With the pandemic sending more businesses to a spontaneous state, there are still businesses that owe their new-found fortunes to COVID-19, making it clear that not everything about COVID-19 is bad – there are also upsides. The crux is knowing where the opportunities lie and exploiting them as quick movers.
Projections from a world infected with COVID-19 strongly support the viability of virtual engagement replacing physical workplace structure.
However, the preference of virtual engagements still requires proactivity from every business’ multiple stakeholders and their adeptness in managing the pros and cons.
A recap: COVID-19 became global headline news in mid-January and by June, with millions infected and hundreds of thousands dead, the virus remains what it is – a seemingly dead-end in relation to eradicating it.
Be that as it may, it still remains fact that while other continents have been hard-hit, Africa seems to be significantly spared the human loss associated with the morbidity that the virus brings. So far, it looks like Africa is suppressing the curve and might escape the worst of the pandemic but realists have pointed out that if the virus becomes unmanageable, Africa will be a veritable infection hotspot with a large number of casualties and losses of human lives.
Although the virus forced institutions and organisations both in the public and private sectors to activate business continuity plans, relying heavily on technology, many people may consider the ‘new normal’ to be a boon if all attendant factors are optimally explored.
For Africa’s private sector, there is no ‘one-size-fits-all’ approach to manage the disruptions COVID-19 has unleashed. Every business now has to assess its position relative to the current realities which appear quite grave at the moment. Nonetheless, these realities are better viewed through the lens of an optimist deploying the mindset of exploration and exploitation in a daring field of opportunities.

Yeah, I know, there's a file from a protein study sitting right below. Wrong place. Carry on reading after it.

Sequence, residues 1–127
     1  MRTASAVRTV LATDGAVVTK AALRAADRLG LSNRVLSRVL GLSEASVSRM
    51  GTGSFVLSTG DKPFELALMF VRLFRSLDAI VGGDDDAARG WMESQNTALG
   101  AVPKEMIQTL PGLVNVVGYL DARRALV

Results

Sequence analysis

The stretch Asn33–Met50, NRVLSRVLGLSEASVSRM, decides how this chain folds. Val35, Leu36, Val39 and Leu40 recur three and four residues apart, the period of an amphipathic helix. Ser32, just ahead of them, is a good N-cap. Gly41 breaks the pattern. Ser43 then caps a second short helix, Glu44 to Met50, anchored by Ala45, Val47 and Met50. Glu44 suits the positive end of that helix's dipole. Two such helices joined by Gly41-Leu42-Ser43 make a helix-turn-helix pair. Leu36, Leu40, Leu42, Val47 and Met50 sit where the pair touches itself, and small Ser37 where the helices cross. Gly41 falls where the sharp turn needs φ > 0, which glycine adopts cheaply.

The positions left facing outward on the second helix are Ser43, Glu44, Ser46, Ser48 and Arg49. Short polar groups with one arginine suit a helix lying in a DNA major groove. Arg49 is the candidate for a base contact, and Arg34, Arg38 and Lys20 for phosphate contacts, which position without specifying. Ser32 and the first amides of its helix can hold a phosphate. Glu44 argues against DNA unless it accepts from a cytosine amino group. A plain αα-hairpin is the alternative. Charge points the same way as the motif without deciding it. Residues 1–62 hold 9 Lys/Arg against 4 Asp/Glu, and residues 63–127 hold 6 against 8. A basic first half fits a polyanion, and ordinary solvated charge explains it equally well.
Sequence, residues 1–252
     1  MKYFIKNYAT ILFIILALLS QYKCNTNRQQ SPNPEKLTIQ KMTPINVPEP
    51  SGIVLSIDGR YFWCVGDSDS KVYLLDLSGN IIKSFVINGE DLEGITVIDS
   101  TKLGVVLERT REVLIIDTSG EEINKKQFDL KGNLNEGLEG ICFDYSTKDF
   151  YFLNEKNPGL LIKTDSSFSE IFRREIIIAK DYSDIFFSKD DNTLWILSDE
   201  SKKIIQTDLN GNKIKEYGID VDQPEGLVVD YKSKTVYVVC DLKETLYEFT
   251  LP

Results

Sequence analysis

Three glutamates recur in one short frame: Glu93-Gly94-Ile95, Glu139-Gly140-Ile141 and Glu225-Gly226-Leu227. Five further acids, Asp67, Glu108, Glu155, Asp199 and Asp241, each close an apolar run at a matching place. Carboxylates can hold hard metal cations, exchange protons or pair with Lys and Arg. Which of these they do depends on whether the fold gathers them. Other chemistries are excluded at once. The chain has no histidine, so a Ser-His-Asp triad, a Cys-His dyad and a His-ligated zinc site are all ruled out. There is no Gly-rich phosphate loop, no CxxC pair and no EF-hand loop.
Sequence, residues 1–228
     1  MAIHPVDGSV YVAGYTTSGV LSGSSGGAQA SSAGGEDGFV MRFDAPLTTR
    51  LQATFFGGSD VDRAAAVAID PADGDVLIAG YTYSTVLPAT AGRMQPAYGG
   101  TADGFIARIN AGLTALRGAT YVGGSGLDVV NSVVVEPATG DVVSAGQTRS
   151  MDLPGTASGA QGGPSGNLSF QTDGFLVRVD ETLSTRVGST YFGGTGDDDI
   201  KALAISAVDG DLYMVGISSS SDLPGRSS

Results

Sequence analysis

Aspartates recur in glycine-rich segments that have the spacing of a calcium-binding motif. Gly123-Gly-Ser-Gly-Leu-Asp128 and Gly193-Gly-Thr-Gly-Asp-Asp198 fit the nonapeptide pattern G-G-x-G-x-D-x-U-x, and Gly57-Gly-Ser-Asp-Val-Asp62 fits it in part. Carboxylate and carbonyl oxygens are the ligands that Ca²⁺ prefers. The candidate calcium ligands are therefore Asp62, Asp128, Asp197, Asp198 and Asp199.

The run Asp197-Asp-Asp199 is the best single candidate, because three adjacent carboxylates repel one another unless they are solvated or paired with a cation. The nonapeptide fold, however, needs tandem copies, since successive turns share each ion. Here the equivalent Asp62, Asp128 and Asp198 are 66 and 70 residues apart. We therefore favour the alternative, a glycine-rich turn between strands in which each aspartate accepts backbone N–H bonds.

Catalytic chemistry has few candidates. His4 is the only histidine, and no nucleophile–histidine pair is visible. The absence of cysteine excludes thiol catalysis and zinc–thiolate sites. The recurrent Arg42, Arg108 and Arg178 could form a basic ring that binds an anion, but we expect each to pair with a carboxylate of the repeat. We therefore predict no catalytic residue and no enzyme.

Worthy of note is the possibility of a W-Curve denoting the resurgence of the virus as a pointer to second and more stringent lockdown measures connoting that businesses must build resilience and prepare for long-term remote working to sustain daily operations. But if Africa continues to suppress the curve, there is a good chance that global investors, already looking for where to invest their monies, will re-consider the continent a safer bet as opposed to investing in economies already hit hard and projected to be even more battered.
China, from which the virus originated, is fast gaining the stature of a pariah nation as countries and corporate organisations develop strategies to pivot away from it. Businesses with heavy reliance on China’s manufacturing capacity should proactively confront this with adequate plans to insulate themselves. Likewise, Africa should explore this shift as a gratifying opportunity, harnessing its tendencies and banking on its returns.
Practicality will likely take precedence over sentiments as both natural and artificial persons start to make hard choices – safety over profits, necessity over luxury, performing employees over non-achievers, digitalisation over the physical structure. Business leaders in particular will need to apply objectivity when making decisions crucial to the sustenance of their businesses. Naturally, such decisions will have to involve the integration of technology into all aspects of business operations as witnessed during the lockdown when businesses were forced to rely wholly on technology in order to remain viable.
In general, larger organisations will have to deal with some key concerns including employee management. Right-sizing will become inevitable if (a) the pandemic resurges, or (b) the economic realities get worse. With health and safety now as a primary focus, large organisations must invest in keeping employees safe.
While many will have the financial capacity for this, the mindset amongst management and staff required to achieve this needs to be engendered in a determined continuous process.
For medium and small businesses, their challenges will be more financial as they grapple with thin capital reserves especially given that businesses in this category tend to expend excess capital instead of reinvesting back into the business. In order to survive the new realities, medium and small businesses must build up their business reserves, or face an unbearable disruption capable of running them down.
Remote working will become an accepted operational factor as business drivers realise the possibility for employees to work from home and still be productive.
Even more importantly, businesses can scale down from investments in supporting structures for the physical workplace with savings on rent, furnishings, infrastructure, power, etc.
According to a recent McKinsey survey, 67 per cent of African entrepreneurs are optimistic about the post-pandemic era compared with only 37 per cent of their Asian counterparts. The ugly truth is that there are upsides to this life-taking pandemic and it will take an optimistic viewpoint to assess it optimally to one’s advantage whether it stays or it ends.